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There are various communities of Germans in the Czech Republic (Czech: Německá menšina v Česku, German: Deutsche in Tschechien). In the 2001 census, 39,106 Czech citizens, or around 0.4% of the Czech Republic's total population, declared German ethnicity. Government statistics also showed 14,157 German citizens living in the CR as of October 2009[update].
Ethnic Germans form a minority of the residents in Bohemia, Moravia, and Czech Silesia. They are mostly descendants of those Sudeten Germans who were not expelled after World War II (officially all anti-Nazis could stay, the reality was often different). However, neither the Czech government nor the majority of Germans there still see themselves as Sudeten Germans. After the Second World War, the Germans were under great pressure to assimilate to general Czech society; as a result, many members of this group, especially the younger generation, are now completely assimilated.
German or German-sounding surnames with Czech spelling are very common in the Czech Republic, as well as in Slovakia, for example. According to a recent study carried out by students from the University of South Bohemia, the proportion of German surnames in individual regions in the Czech Republic varies from 17 to over 32 percent, depending on the distance from the German or Austrian border.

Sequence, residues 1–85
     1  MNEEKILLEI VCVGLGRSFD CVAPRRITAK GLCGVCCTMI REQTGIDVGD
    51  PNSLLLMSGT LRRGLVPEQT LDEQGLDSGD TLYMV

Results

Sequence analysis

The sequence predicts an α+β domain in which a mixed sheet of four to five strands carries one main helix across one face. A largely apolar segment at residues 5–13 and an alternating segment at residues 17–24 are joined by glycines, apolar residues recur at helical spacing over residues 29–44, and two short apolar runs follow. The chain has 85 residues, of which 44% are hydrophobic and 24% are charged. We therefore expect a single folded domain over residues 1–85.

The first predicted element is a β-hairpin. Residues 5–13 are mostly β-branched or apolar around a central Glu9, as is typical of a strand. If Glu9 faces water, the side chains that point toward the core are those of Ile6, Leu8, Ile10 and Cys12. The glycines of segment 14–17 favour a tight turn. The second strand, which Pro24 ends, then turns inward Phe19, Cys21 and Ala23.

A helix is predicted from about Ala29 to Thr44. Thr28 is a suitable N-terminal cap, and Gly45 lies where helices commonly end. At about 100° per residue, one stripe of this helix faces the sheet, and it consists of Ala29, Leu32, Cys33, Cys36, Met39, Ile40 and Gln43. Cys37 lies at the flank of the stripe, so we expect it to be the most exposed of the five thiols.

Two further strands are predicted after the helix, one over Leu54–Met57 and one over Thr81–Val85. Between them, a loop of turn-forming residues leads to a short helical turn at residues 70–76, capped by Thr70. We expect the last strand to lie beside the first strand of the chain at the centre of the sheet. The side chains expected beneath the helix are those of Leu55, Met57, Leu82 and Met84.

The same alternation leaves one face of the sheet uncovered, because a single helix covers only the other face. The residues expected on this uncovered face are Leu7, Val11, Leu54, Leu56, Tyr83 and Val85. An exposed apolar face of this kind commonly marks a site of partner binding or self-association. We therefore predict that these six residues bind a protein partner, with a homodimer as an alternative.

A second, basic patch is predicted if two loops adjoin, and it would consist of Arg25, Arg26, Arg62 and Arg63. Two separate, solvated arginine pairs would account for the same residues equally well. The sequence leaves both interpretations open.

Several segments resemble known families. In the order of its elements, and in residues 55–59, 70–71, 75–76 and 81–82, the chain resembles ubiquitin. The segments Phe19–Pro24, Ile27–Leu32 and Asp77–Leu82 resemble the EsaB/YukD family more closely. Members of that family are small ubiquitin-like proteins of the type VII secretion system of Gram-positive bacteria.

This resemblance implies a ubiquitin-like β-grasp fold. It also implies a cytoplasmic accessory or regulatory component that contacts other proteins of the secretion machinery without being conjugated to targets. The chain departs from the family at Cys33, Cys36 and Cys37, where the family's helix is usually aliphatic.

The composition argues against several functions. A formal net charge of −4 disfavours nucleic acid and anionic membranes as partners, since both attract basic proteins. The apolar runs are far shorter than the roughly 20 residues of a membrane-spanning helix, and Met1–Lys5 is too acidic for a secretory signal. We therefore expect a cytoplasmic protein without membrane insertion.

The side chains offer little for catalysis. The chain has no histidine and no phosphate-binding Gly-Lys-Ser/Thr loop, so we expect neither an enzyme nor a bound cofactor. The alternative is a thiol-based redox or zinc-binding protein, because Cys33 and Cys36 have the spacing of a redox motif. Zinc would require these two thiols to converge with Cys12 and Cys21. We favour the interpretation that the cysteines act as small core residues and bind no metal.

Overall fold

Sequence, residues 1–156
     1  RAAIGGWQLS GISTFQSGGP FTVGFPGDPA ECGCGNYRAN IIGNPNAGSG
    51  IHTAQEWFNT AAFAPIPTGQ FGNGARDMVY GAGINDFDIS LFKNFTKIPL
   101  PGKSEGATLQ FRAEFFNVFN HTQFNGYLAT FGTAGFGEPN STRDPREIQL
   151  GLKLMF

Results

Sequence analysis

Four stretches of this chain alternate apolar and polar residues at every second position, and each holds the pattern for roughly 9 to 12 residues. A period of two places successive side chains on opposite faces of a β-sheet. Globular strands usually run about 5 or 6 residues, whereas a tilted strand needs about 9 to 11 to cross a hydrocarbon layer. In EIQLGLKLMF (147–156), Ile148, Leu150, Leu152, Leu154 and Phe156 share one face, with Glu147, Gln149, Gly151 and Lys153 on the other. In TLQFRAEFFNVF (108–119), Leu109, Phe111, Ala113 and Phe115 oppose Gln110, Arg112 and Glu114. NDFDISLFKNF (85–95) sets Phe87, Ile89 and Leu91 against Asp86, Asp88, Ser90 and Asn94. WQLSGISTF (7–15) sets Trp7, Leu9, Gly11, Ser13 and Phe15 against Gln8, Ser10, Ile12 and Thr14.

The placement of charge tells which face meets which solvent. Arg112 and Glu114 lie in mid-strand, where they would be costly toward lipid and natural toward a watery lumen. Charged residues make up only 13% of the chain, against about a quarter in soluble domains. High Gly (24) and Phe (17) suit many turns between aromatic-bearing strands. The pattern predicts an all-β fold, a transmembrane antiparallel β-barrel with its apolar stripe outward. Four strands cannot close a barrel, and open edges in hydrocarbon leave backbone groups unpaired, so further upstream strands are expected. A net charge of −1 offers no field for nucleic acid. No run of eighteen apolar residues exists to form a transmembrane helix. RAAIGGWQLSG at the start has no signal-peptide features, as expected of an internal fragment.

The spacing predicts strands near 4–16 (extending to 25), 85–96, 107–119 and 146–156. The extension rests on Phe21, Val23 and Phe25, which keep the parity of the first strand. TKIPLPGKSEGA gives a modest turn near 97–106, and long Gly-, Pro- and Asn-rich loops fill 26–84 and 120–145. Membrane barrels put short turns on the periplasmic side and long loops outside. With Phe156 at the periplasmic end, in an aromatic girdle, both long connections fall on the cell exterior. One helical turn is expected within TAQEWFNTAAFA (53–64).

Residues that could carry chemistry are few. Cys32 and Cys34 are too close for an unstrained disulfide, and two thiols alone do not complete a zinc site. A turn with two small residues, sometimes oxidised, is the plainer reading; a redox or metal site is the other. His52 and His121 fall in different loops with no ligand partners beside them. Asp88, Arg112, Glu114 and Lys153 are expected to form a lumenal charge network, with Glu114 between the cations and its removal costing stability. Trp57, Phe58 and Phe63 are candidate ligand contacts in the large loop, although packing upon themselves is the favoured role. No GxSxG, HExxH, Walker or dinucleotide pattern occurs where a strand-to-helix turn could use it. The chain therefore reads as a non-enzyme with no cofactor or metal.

A German sounding surname in the Czech Republic historically mean a person at least should had a German or Austrian roots many centuries ago. Especially from their father line who had an ancestors who firstly began those surnames for their children. They are descendent of German peasants which had migrated and lived in many parts of this country for centuries. Also some of them were the heredity of German nobility people of German Hohenzollern Kingdom and also of Austrian Emperor which ruled Czech lands for centuries.
Some opinions also said that few centuries ago, some Czech & Slovak people used to translate their Czech & Slovak surnames into German to show they had climbed up the social ladder a bit. But there was no real evidence about it, regarding no records mentioned it.
But for the Jews people in the Czech lands, during the reign of the Austrian Emperor Joseph II, required to adopt German surnames in exchange for some religious freedoms.
According to the Czech censuses, the number of self-identified Germans in the Czech Republic fell from 160,000 in 1950 to under 40,000 by 2001. Over the decades, many older Germans died, and the younger generations grew up often speaking only Czech. In addition, when Germans married Czechs, their children were almost always counted as Czech in the census. Lastly, as many Czechs carry German surnames, the assimilated Germans are not particularly noticeable.